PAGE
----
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Spring 2022

Editor’s Note: The Pandemic Heightens Auditing’s Value
By Lee DeOrio
For The Record
Vol. 34 No. 2 P. 4

Not much good has come from COVID-19’s arrival. Its effects will linger forever. The onslaught of the pandemic has been an eye-opener for the health care industry, knocking it to its knees but never down for the count. Countless heroes stood up against COVID-19 and continue to do so as a measure of relief has descended on a beleaguered work force.

Nevertheless, the nation’s health care system will never be the same—and that’s not necessarily a bad thing. We’ve discovered just how immense are the disparities that fester and threaten to destroy lives. Then there’s the matter of hospital finances, which have always been precarious, but never has that fact been more pronounced than during the pandemic. For months, it seemed as though closures were being announced daily.

In this environment where margins continue to shrink for many health systems, the role of internal auditing has assumed even greater importance. While nearly all providers document and code accurately, most still have areas where gaps can be closed to ensure appropriate reimbursement is being received.

“Coding audits have always been a tool through which a facility could validate correct coding or to reveal where there may be inaccuracy in the coding arena,” says April Smith, CCS, HIM client services manager at JTS Health Partners. “Audits have been historically used solely to conclude whether or not the facility is losing revenue.”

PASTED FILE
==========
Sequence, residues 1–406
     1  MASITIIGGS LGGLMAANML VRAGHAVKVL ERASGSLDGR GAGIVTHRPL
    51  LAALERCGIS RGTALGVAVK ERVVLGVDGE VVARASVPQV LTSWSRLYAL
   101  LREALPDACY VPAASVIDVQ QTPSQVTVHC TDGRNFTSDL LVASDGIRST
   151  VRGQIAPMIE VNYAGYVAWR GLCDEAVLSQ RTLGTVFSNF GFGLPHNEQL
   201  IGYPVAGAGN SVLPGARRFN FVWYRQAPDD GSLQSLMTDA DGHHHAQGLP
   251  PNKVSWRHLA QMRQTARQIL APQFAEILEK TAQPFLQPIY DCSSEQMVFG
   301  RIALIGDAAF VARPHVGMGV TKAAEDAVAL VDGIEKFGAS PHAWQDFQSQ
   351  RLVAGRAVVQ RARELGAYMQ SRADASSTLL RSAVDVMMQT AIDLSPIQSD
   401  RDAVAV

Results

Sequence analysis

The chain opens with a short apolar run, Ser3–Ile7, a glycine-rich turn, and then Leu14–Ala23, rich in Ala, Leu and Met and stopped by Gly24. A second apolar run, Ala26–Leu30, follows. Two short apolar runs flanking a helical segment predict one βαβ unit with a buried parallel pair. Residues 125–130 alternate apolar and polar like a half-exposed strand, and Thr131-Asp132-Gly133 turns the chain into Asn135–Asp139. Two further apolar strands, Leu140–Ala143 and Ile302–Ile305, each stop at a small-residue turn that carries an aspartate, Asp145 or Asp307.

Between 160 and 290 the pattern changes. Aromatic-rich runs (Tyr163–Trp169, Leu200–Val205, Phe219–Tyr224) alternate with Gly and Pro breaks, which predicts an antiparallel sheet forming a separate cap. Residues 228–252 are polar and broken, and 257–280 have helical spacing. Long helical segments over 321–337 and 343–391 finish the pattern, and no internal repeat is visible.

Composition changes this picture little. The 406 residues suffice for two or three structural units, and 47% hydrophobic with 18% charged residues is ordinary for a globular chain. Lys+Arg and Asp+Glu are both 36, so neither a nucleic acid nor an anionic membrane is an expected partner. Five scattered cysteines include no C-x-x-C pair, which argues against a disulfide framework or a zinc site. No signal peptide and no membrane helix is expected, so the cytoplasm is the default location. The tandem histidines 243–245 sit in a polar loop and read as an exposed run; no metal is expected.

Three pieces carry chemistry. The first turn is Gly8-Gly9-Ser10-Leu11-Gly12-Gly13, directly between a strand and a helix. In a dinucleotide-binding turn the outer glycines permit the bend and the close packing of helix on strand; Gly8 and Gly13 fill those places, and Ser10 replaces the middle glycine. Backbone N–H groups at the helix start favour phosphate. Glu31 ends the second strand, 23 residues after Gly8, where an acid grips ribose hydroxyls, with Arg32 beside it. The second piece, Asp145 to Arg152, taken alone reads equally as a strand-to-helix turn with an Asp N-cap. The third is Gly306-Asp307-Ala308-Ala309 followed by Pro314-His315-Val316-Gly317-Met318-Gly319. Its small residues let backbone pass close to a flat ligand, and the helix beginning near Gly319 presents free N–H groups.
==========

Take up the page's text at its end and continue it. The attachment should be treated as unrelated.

As vaccines were fast-tracked and COVID-19 conditions became better understood, health care organizations needed codes to capture what was happening on the front lines.

“As the pandemic evolved and as more ICD-10-CM and ICD-10-PCS codes were created to capture accurate reporting of both diagnoses and procedures involving COVID-19, we have relearned the critical importance of accurate coding necessary for statistical reporting purposes, not only financial issues,” Smith says.

New codes and decision-making processes also meant auditors needed to step up. It can be argued that accurate data have never been more important. Otherwise, the effects of the pandemic won’t be as thoroughly documented. “Auditors have become, and will need to remain, more vigilant as coders work to capture ongoing infections and the long-lasting effects of COVID-19,” Smith says. “An auditor’s insight postaudit will reveal areas of needed education as coders work to adequately report these conditions and their treatments. Aggressive auditing will ultimately ensure accurate coding not only for revenue purposes but also as we report these critical health statistics going forward.”